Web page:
Snaga, koherentnost i savršen osećaj za nadahnutu improvizaciju čine ovaj neobičan akustični trio primamljivim za muzičke sladokusce. Misteriozni klavirski liricizam, apstraktni ritmovi i elastični zvuci kontrabasa u međusobnoj improvizacijskoj igri, osnovna su žila kucavica muzike ovog benda.

Povezanost i razumevanje aktera je perfektno. Muzičari imaju nepogrešiv osećaj i kada treba stati i umiriti se, i kada nastave muziciranje u raznovrsnim kombinacijama, nikako ne zvučeći rastrzano ili nedorečeno. Oni nam predstavljaju s jedne strane suptilnu, osećajnu i duboku, a nasuprot tome i veoma snažnu i dinamičnu muziku. I pored ovih kontrasta, album zvuči kao zaokružena celina lišena besciljnog lutanja i prevelikih “iskakanja” koja vode u besmisao.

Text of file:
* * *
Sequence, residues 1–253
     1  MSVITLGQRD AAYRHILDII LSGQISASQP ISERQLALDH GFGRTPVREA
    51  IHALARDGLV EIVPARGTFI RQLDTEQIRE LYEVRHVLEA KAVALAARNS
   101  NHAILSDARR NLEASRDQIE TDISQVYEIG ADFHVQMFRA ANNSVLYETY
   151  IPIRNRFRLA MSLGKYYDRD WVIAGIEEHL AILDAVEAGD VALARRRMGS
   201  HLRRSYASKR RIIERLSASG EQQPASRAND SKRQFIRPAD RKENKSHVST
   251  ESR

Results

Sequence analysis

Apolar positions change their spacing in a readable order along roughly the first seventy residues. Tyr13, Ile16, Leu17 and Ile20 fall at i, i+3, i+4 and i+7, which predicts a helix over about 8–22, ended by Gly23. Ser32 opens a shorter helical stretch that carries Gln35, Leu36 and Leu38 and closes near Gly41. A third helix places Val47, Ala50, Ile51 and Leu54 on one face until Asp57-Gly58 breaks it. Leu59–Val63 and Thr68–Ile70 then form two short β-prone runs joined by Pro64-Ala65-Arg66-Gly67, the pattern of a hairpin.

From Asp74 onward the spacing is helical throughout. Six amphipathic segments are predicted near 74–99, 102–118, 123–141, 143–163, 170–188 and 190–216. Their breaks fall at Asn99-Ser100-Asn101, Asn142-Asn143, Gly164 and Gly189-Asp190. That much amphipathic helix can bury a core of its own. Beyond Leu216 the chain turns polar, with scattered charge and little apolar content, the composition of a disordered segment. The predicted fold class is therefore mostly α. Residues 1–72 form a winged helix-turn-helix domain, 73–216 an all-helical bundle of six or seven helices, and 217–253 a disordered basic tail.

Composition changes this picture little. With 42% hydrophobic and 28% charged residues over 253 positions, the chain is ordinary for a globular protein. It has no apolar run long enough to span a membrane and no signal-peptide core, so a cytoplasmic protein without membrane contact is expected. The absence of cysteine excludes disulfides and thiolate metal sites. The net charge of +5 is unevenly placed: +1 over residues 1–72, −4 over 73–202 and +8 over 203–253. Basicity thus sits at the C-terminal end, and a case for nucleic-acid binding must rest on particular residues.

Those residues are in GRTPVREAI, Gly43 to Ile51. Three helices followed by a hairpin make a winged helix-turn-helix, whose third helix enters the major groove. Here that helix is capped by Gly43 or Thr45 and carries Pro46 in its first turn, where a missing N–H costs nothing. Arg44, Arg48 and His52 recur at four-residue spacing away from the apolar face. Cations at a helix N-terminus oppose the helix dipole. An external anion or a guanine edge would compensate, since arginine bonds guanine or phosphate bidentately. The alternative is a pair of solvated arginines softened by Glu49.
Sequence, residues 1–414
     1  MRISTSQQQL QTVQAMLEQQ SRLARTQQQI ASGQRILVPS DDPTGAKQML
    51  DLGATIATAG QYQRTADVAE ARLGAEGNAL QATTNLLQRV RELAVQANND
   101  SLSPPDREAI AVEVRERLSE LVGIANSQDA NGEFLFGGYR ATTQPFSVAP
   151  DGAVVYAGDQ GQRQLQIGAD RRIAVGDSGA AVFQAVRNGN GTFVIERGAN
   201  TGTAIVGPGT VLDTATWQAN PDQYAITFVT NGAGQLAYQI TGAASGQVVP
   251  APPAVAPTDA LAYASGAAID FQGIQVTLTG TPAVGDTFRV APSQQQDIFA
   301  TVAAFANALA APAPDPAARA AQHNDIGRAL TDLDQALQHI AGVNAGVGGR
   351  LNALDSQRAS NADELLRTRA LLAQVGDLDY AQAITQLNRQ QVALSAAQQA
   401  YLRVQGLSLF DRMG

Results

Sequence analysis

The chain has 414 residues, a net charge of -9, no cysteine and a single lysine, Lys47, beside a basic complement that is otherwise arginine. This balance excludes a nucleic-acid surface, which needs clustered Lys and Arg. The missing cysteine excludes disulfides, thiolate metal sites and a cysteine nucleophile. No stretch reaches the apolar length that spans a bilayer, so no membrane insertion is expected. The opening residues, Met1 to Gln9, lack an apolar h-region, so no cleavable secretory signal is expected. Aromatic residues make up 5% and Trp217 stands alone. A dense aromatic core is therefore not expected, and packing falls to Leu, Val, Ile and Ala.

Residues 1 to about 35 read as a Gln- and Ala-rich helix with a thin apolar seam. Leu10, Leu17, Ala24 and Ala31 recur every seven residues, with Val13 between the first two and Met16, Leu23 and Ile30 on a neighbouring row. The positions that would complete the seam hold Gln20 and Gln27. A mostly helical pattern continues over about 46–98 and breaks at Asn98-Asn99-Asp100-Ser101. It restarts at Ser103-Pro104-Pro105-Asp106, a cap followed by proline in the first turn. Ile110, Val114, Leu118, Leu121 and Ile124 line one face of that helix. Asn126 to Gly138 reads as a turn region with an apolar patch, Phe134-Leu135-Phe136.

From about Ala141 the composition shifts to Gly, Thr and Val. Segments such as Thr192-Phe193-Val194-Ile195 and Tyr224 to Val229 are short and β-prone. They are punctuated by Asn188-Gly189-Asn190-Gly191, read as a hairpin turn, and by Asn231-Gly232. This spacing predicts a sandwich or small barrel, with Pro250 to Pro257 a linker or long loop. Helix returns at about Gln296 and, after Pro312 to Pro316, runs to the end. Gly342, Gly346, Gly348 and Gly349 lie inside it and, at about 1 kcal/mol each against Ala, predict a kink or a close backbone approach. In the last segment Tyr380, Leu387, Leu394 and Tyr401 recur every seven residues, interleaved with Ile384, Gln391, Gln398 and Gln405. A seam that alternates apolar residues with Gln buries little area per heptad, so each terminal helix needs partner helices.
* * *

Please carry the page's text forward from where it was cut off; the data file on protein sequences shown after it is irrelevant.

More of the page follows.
Za Dawn Of Midi se može reći da su zahtevni za slušanje, ali ne i depresivni ili uznemirujući. Od samog početka i “izlomljene” teme Phases In Blue, pa sve do kraja i jedanaestominutne hipnotičke In Between, albumom provejavaju tamni tonovi, ali u njihovoj igri prepunoj obrta i skrivenih detalja ova muzika zvuči veoma izazovno.

Skepsa koja je postojala pre susreta sa debijem ovog mladog internacionalnog trojca gubi se već posle prvih taktova i prerasta u pozitivno iznenađenje. Nepoznanica koja ostaje jeste pravac u kome muzičari, sa svakim ponovnim preslušavanjem, odvlače slušaoce u zavisnosti od njihovog senzibiliteta i trenutnog raspoloženja. Jedno je sigurno - gde god krenuli sa Dawn Of Midi, avantura je zagarantovana.

     - Predrag Vlahović, Jazzin